Oct 19, 2016 Prosecutors and police must not use criminal charges to chill free expression rights
A North Dakota judge recently declined to allow a riot prosecution against Democracy Now journalist Amy Goodman, where at worst (if at all) she could have been charged with being on property that she was not allowed to be on (but the prosecutor reversed that path before seeking a rioting charge), when covering the oil pipeline protest in that state. That interim victory for Goodman apparently does not preclude the prosecutor from going to another judge to seek to bring such a rioting prosecution against her.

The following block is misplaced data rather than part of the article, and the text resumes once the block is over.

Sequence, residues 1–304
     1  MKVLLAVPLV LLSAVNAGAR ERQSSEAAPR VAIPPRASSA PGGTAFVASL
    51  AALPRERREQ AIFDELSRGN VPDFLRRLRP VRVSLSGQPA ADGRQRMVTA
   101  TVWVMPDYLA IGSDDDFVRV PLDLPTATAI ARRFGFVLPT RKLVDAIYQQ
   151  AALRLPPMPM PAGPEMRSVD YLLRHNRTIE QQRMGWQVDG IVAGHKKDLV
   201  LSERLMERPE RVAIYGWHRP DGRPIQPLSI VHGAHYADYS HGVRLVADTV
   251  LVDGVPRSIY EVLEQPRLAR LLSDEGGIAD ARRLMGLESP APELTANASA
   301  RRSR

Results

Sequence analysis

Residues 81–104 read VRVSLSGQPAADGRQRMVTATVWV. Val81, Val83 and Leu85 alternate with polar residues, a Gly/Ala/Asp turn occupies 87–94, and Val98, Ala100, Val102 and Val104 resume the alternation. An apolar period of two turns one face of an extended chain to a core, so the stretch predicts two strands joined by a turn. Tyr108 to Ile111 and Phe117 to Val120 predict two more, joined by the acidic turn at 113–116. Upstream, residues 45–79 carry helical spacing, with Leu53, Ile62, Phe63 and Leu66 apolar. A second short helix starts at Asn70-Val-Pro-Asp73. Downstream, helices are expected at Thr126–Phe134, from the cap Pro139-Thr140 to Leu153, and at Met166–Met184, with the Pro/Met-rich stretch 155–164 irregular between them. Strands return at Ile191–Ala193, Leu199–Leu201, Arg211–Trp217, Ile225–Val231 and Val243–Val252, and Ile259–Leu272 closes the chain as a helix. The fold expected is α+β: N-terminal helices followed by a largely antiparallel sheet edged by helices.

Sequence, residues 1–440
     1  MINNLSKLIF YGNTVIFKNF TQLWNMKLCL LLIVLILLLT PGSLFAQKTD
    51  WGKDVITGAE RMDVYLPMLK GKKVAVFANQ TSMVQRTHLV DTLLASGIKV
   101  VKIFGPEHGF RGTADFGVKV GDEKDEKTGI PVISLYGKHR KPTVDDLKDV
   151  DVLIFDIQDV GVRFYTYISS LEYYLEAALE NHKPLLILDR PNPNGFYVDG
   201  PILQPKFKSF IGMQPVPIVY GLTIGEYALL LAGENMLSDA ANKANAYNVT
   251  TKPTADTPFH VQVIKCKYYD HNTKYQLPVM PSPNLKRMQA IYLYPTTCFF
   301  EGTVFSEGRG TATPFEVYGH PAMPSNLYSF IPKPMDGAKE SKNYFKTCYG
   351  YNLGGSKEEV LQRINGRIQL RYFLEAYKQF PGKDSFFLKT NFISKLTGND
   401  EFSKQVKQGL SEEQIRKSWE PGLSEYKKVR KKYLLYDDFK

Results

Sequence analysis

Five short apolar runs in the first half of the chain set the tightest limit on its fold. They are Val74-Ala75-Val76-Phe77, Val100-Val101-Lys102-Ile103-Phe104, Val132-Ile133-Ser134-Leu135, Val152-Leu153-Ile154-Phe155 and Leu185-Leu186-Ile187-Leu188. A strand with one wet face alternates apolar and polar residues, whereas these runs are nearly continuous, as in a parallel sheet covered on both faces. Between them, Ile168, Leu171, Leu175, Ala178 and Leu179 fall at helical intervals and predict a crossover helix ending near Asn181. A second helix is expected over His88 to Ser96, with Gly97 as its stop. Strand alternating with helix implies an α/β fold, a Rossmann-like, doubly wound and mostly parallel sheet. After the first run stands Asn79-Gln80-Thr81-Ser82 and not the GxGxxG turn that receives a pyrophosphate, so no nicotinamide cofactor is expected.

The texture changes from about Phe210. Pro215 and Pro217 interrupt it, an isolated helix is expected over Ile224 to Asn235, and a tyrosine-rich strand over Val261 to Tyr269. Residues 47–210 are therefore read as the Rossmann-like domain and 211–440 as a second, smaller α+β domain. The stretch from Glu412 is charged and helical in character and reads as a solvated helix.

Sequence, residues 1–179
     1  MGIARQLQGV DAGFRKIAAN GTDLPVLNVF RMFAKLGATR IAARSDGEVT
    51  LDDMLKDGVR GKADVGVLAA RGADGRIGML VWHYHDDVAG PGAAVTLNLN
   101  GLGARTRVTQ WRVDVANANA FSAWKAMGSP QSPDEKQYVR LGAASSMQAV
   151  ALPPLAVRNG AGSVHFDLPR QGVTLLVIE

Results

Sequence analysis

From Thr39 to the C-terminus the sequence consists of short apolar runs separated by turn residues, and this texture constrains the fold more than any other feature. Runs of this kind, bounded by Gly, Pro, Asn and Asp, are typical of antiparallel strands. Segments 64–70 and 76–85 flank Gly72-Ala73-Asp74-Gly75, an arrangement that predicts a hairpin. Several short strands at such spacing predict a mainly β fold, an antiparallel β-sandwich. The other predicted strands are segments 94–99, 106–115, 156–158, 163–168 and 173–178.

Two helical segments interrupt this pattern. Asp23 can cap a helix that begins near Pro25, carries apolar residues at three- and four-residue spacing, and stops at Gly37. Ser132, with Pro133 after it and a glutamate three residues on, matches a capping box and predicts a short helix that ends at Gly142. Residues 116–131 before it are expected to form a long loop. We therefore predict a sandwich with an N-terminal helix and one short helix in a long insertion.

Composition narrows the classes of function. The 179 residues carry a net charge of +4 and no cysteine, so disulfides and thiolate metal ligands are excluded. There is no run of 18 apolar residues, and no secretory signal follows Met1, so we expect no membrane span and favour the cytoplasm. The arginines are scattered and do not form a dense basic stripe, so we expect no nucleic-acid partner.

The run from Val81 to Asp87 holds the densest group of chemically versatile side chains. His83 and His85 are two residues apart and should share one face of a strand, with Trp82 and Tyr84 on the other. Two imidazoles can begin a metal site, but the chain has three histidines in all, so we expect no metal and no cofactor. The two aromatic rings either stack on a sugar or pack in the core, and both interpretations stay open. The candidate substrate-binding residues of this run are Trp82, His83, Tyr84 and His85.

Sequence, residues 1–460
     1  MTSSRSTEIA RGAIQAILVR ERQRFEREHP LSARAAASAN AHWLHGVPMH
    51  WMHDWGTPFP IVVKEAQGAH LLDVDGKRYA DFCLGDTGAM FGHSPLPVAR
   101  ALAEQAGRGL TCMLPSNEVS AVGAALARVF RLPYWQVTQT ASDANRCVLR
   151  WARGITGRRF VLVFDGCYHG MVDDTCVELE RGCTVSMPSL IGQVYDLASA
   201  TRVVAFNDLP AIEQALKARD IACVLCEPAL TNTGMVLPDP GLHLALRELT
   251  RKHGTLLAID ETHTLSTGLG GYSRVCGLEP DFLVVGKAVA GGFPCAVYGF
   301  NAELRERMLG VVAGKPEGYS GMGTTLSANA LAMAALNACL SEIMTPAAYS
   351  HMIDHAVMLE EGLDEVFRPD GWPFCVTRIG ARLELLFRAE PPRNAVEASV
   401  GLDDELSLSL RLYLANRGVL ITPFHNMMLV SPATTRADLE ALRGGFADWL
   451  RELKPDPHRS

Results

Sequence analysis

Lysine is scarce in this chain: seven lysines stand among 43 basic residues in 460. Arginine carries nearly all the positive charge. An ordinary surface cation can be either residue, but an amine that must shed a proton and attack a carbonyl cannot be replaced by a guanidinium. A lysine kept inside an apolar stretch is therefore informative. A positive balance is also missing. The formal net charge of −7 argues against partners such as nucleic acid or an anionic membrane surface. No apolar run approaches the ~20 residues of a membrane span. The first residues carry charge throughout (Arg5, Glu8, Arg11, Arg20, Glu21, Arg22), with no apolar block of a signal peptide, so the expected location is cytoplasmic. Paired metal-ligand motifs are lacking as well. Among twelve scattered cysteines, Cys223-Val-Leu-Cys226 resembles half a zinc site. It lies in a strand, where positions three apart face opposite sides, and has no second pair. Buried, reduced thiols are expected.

Meanwhile, rioting charges are proceeding against actress Shailene Woodley over her presence at the pipeline protest. I do not know how many other people are being charged with rioting over the pipeline protest.
North Dakota law defines rioting as: “a public disturbance involving an assemblage of five or more persons which by tumultuous and violent conduct creates grave danger of damage or injury to property or persons or substantially obstructs law enforcement or other government function.” N. Dakota Crim. Code § 12.1-25-01. That definition involves vagueness and overbreadth, and does not cover Amy Goodman’s behavior that I have seen online on video.
Regardless of what Amy Goodman did or did not do at the pipeline protest, prosecutors and police must not use criminal charges to chill free expression rights.